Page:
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A History of the Nineteenth Century, Year by Year

And in three years produced Lalla Rookh


Shortly

before Webster's death another orator of world-wide reputation was heard at Washington. This was Louis Kossuth, the Hungarian exile. On the occasion of a banquet tendered to him by the American Congress early in the year, Kossuth delivered the famous speech in which he compared the Roman Senate of antiquity to that of the New World.

[Sidenote: Junius Brutus Booth]

Junius Brutus Booth, the great English tragedian, died in America while returning from a lucrative tour to California. Booth made his debut at Covent Garden Theatre in London in 1814 as Richard III. His personal resemblance to the hunchbacked tyrant conformed so well to the traditions of the stage, and his personification of the character was in other respects so striking, that he eclipsed Edmund Keane, then acting at Drury Lane. The rivalry of the two actors grew so intense that Booth was driven from the stage by a serious theatrical riot. In 1821, he made his first appearance in the United States, again as Richard III., and was received with such enthusiasm that he settled permanently at Baltimore. From here he made professional excursions to other American cities. Among his most familiar personations were Iago, Hamlet, Shylock, Sir Giles Overreach, and Sir Edmund Mortimer. Over his audiences he ever exercised a wonderful power. On his death he left two sons, both actors like himself, and both destined to make their mark in life.

justify;">[Sidenote: Death of Tom Moore]

[Sidenote: Moore's American impressions]

The death of Thomas Moore, the Irish poet, excited as much attention in America as it did in England. Born at Dublin in 1779, Tom Moore, as he was usually called, wrote verses in early youth. Like Pope, he may be said to have lisped in numbers. At the age of thirteen he was a contributor to the "Anthologia Hibernica." After graduating at Trinity College he came to London, and there dedicated his translation of the poems of Anacreon to the Prince Regent. He became a favorite of fashionable society. Among his patrons were the Earl of Moira, Lord Holland, the Marquis of Lansdowne, and other noblemen of the Whig party. He obtained the appointment of Registrar to the Admiralty in Bermuda, but on arriving there hired a deputy to discharge the duties of the office and went on a tour to America. Like some other famous travellers, he conceived a poor opinion of the American people. In commemoration of his trip, Moore brought out "Epistles, Odes and other Poems," containing many defamatory verses on America. One scurrilous stanza read:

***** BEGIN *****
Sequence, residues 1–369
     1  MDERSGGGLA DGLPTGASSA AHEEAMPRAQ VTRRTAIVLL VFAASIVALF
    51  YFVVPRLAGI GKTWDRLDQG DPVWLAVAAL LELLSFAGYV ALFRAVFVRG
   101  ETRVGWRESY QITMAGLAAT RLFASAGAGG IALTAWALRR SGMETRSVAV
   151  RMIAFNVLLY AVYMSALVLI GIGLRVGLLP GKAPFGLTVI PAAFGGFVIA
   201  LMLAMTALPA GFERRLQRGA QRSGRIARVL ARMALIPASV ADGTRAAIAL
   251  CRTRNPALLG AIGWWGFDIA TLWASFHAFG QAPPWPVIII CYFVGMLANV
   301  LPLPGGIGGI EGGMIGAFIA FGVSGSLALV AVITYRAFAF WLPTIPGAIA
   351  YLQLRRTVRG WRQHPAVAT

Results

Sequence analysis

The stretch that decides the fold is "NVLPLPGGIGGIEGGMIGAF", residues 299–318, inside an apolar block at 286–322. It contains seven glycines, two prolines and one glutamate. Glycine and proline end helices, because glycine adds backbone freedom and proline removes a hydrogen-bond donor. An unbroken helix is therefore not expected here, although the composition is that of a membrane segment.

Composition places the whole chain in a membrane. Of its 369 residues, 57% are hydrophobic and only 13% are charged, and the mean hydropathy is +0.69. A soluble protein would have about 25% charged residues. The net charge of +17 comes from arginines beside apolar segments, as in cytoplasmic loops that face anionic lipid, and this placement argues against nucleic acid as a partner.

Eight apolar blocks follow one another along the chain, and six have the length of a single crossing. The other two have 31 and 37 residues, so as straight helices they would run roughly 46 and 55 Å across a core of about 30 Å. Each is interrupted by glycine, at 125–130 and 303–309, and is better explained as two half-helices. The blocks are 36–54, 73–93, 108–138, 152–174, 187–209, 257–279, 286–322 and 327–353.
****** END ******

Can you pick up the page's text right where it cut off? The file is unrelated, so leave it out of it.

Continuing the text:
The patriot, fresh from Freedom's councils come, Now pleas'd retires to lash his slaves at home; Or woo, perhaps, some black Aspasia's charms, And dream of freedom in his bondmaid's arms.

[Sidenote: "Irish Melodies"]

[Sidenote: "Lalla Rookh"]

In a footnote Moore was careful to explain that this allusion was to the President of the United States, Thomas Jefferson. The poems were roughly handled by the "Edinburgh Review." This led to a duel between Moore and Jeffrey--a bloodless encounter, which resulted in a life-long friendship between the two men. The same affair produced a quarrel and Moore's subsequent friendship with Byron. Throughout this time Moore brought out his charming "Irish Melodies," the most popular of all his productions. Messrs. Longwin, the publishers, agreed to give him L3,000 for a long poem on an oriental subject. Moore retired to the banks of the Dofe, surrounded himself with oriental books, and in three years produced "Lalla Rookh." The success of this work was beyond the expectations of the publishers. After achieving this triumph, Moore travelled abroad in the company of the wealthy poet Rogers, and later of Lord John Russell. At Venice he visited Lord Byron. The affairs of his office in Bermuda next called him there, after which he resided in Paris, where he wrote his famous "Fables for the Holy Alliance." Returning to England, he settled at Bow-wood near Wiltshire, the seat of his life-long friend, Lord Lansdowne. There he spent his declining years and died in dotage.


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